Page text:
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Versions: 00 01 02                                                      
NEMO Working Group                                          Souhwan Jung
Internet-Draft                                       Soongsil University
Expires: April, 2004                                            Fan Zhao
                                                                Felix Wu
                                                                UC Davis
                                                             HyunGon Kim
                                                            SungWon Sohn
                                                                    ETRI
                                                           October, 2003


                         Threat Analysis for NEMO
                     draft-jung-nemo-threat-analysis-01

Status of this Memo

   This document is an Internet-Draft and is in full conformance with
   all provisions of Section 10 of RFC2026.

   Internet-Drafts are working documents of the Internet Engineering
   Task Force (IETF), its areas, and its working groups. Note that other
   groups may also distribute working documents as Internet-Drafts.

   Internet-Drafts are draft documents valid for a maximum of six months
   and may be updated, replaced, or obsoleted by other documents at any
   time. It is inappropriate to use Internet-Drafts as reference material
   or to cite them other than as "work in progress."

   The list of current Internet-Drafts can be accessed at http://
   www.ietf.org/ietf/1id-abstracts.txt.

   The list of Internet-Draft Shadow Directories can be accessed at
   http://www.ietf.org/shadow.html.

   This Internet-Draft will expire on December 22, 2003.

Copyright Notice

   Copyright (C) The Internet Society (2003). All Rights Reserved.


Abstract

   This document describes possible security threats on mobile networks.
   Many different kinds of security threats exist on signaling and
   communication paths including mobile routers and home agents.
   It is also the goal of this draft to explain a three-layer threat
   model, to investigate vulnerabilities to the network entities in
   NEMO, and finally to propose security requirements for NEMO.


Conventions used in this document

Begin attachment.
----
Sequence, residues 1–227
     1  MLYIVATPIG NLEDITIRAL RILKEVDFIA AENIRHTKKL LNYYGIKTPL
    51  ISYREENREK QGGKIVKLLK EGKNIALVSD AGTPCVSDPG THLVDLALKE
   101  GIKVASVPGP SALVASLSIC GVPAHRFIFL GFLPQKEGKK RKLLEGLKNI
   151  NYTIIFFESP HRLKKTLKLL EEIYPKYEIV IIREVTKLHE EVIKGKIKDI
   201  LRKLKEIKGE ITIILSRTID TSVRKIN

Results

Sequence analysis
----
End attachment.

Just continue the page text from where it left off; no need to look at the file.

The key words "MUST", "MUST NOT", "REQUIRED", "SHALL", "SHALL NOT",
   "SHOULD", "SHOULD NOT", "RECOMMENDED",  "MAY", and "OPTIONAL" in
   this document are to be interpreted as described in RFC-2119.


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Table of Contents


   1.    Motivations

   2.    Three-Layer Threat Model

   3.    Generic Threats to Target Protocols/Services
         3.1 Threats to Signaling Paths
         3.2 Threats to Communication Paths

   4.    Generic Threats to Target Entities/Entry Points
         4.1 Misbehaviour of MR
         4.2 Misbehaviour of HA
         4.3 Traffic Analysis
         4.4 Denial of Service

   5.    Threats specific to NEMO basic support protocols
         5.1 Corruption of Binding Cache by inside attacker
         5.2 Attack using HA as a stepping stone
         5.3 Attack to Location Privacy by Traffic Analysis

   6.    Security Requirements

         References

         Authors' Addresses

         Intellectual Property and Copyright Statements


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1. Motivations

Networks in motion (NEMO) introduces a new network entity called Mobile
Router(MR)[2]. MR has different features from Mobile Host that is operated
based on Mobile IP technologies[4]. Since MR functions both as a mobile
node and a gateway to provide mobile network with Internet access to
outside world, it needs specific treatment for managing operations and
securities.

In real world, many different types of NEMO configurations are possible
including multi-homing, which means that new kind of threats specific to
NEMO SHOULD be taken care of. For example, MR can advertise its IP
prefix to the VMNs in its mobile network, and this RA message can be
intercepted and modified to advertise the prefix of malicious router.
This makes address spoofing attack possible: the packets that should be
delivered to the destination mobile router are redirected to the attack
router. Therefore, those messages like RA should be protected using
authentication.

This draft proposes a three-layer threat model for analyzing
vulnerabilities to NEMO protocols and entities. Based on the model, we
describe and classify all possible threats to NEMO, and analyze those
threats according to their properties and scopes. Finally, we describe
the security requirements for NEMO.


2. Three-Layer Threat Model

Many different threats to network entities in NEMO are possible and hard
to describe all of them in a row. Some of the threats can have multiple
paths to achieve their goals, which means that many different types of
attacks are possible to obtain the same objective that the attacker